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Does Your Context “Blur” Your Ad Claims?

May 22, 2023

Context Can "Blur" a Relatively Limited Express Claim Into a Much Broader Superiority Claim

AT&T's Challenge Against Verizon's "Frontline" Service

On May 2, 2023, NAD announced its ruling in a case regarding the scope of this ad claim by Verizon. “Verizon is the number one network choice in public safety.”

Background for the claim:

    *  Verizon's commercial promoted its “Frontline” wireless network solution for first responders and safety personnel.

    *  Other networks (including AT&T) provide a similar, competing service.

Review: Background for net impression.

    *  Net impression is the overall advertising message/takeaway understood by reasonable consumers, not what the advertiser intends the message to be.

    * The context of the ad claim, including all implied claims, should be considered as part of the overall net impression.

    *  Advertisers are required to substantiate the overall net impression of an ad, including relevant context and all implied claims.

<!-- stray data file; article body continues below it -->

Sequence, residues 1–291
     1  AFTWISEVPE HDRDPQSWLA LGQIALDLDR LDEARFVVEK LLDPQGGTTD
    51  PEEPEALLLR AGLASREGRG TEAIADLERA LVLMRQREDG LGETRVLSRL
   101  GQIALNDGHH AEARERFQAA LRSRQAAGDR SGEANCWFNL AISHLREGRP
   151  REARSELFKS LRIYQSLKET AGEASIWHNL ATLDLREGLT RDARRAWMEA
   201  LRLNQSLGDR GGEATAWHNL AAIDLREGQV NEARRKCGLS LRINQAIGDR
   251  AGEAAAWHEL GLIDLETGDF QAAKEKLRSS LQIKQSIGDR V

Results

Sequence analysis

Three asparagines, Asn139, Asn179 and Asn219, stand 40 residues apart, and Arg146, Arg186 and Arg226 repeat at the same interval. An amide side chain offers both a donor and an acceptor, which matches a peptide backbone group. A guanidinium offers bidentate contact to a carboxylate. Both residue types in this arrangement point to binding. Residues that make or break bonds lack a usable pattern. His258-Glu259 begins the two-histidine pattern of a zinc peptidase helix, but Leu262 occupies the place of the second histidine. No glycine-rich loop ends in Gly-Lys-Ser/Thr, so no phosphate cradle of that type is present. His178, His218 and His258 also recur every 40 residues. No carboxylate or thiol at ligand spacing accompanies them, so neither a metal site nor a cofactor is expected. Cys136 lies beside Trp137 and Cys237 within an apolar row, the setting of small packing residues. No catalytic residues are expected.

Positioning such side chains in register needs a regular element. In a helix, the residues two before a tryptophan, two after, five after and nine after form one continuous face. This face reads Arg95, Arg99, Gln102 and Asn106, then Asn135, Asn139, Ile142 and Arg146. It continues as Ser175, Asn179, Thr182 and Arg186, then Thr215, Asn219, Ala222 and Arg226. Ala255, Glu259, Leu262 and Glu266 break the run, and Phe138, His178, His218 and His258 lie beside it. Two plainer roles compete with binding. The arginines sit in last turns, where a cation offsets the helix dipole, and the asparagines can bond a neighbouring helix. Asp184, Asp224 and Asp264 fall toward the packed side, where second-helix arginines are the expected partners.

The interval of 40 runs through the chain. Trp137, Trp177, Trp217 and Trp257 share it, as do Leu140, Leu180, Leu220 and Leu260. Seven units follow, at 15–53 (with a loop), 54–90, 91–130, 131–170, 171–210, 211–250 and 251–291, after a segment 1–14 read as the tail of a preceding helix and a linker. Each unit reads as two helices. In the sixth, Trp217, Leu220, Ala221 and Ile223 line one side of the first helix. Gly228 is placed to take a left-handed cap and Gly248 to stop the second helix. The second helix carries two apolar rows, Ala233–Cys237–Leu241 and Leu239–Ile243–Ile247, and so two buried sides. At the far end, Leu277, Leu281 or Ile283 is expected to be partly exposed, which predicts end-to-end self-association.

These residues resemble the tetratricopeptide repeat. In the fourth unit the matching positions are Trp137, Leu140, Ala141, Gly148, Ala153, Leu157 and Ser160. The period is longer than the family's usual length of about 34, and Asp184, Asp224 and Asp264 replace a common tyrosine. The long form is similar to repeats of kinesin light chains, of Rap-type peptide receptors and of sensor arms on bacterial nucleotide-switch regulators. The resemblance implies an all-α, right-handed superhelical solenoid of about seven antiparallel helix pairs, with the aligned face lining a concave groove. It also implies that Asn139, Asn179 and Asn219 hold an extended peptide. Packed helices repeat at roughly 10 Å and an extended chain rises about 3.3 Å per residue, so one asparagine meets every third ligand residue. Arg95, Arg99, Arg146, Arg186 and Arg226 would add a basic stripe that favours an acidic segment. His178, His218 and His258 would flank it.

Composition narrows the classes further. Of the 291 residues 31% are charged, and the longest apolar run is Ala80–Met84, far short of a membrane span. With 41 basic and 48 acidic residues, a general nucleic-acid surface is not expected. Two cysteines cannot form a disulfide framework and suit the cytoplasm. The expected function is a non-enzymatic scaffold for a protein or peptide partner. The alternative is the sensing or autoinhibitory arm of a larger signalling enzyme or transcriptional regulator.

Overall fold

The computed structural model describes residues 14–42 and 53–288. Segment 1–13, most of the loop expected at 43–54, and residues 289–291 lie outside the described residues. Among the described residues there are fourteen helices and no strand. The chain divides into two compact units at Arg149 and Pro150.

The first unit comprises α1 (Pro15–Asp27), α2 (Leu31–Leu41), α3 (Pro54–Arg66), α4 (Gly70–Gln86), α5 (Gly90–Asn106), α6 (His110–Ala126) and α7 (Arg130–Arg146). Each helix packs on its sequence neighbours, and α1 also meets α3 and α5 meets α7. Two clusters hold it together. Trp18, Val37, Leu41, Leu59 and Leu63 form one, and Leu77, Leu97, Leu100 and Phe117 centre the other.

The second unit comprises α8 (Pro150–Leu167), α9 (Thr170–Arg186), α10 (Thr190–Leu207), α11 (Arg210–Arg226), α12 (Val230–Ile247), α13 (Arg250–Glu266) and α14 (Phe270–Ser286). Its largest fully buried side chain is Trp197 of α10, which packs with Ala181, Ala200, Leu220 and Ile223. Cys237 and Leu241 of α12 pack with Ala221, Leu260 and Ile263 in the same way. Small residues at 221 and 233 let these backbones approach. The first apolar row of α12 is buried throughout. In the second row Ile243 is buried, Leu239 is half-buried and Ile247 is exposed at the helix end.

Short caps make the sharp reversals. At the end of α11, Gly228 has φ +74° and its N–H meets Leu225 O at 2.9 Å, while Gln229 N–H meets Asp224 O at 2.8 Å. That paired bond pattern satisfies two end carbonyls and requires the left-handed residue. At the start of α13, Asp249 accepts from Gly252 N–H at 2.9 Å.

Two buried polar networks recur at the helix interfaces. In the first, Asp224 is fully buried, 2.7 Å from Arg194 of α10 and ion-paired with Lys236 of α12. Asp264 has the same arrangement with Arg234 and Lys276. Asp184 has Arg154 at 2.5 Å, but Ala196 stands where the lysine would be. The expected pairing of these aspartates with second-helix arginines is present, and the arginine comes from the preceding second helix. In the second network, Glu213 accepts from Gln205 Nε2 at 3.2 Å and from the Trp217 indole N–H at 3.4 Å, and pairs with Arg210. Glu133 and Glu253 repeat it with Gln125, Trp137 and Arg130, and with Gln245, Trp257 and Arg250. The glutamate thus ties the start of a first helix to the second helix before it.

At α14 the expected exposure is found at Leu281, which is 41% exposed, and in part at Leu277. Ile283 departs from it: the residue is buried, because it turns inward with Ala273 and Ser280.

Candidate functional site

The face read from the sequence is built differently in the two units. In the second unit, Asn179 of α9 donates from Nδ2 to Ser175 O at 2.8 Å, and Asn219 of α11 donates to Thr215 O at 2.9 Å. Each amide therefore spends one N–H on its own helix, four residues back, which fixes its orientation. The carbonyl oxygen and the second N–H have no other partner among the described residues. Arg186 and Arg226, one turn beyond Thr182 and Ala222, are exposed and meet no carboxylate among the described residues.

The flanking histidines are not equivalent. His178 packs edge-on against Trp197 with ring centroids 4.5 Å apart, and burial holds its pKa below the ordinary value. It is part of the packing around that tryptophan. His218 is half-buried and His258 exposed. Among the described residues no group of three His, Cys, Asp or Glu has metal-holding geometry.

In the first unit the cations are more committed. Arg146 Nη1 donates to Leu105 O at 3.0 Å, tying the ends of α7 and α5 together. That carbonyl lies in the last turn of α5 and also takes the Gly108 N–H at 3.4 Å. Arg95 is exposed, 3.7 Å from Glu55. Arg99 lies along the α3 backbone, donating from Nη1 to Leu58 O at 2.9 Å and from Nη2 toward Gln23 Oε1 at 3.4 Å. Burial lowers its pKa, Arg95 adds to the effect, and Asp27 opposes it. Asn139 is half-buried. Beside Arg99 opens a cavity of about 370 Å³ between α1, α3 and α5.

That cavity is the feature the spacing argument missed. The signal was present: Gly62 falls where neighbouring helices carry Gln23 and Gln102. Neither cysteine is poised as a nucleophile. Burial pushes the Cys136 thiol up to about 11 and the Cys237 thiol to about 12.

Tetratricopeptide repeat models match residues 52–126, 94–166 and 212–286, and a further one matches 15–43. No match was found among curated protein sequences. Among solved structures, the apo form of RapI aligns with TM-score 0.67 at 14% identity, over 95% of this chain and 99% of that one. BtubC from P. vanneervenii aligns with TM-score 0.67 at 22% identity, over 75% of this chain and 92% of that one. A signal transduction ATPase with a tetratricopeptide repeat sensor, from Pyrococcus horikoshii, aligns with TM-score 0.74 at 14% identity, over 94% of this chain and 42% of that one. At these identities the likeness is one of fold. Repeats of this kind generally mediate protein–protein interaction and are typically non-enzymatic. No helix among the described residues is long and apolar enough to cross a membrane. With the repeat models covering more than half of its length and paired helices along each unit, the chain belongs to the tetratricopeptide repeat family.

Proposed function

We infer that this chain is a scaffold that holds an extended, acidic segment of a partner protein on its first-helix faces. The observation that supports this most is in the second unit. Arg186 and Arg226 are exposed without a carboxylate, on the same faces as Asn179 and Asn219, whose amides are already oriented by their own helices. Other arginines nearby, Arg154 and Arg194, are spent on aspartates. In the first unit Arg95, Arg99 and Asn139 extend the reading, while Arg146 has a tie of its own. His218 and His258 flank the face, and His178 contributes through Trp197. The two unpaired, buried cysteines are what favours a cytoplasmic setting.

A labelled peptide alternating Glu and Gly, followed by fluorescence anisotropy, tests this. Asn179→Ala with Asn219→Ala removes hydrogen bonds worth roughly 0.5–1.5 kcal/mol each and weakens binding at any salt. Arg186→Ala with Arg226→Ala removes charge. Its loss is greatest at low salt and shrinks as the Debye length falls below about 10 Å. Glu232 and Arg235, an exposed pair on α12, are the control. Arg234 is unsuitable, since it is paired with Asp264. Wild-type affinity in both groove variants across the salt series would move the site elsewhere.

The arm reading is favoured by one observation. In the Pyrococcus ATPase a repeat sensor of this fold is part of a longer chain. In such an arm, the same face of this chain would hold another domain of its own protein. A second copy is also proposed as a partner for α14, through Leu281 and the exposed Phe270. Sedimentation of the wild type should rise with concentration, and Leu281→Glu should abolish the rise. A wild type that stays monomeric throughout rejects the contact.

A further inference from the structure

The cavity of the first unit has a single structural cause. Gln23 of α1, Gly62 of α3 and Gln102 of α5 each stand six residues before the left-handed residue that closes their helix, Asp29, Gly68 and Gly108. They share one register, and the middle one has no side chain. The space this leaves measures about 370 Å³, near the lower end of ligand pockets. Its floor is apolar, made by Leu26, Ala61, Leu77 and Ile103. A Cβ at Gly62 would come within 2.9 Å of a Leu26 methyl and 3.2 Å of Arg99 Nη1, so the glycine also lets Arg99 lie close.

AT&T filed a challenge with NAD, arguing that the net impression of Verizon's claim was that Verizon's Frontline service is superior to similar competing services.

Verizon's Defense

Verizon countered AT&T's alleged broad superiority claim arguing that the net impression of its ad conveyed only the relatively limited claim regarding choice.

The Issue and NAD's Ruling

So, the issue was all about the scope of Verizon's claim: whether it was limited to choice or did it contain a broader message about superiority?

NAD ruled that Verizon's claim was limited to choice, and here's why.

AT&T based its argument on the context of Verizon's ad, arguing that context contributed a superiority message to the net impression.

NAD reviewed the context at issue and found that it did not “blur” the “number one choice” claim with the impression of superiority.


NAD has found in other cases that context including performance comparisons and comparative language caused limited express claims to "blur," resulting in an broader net impression of a superiority, performance or efficacy-type claim.

Bottom line, in this case, NAD found there was no context associated with Verizon's ad that would “blur” Verizon's express “choice” claim sufficient to create a broader superiority claim.

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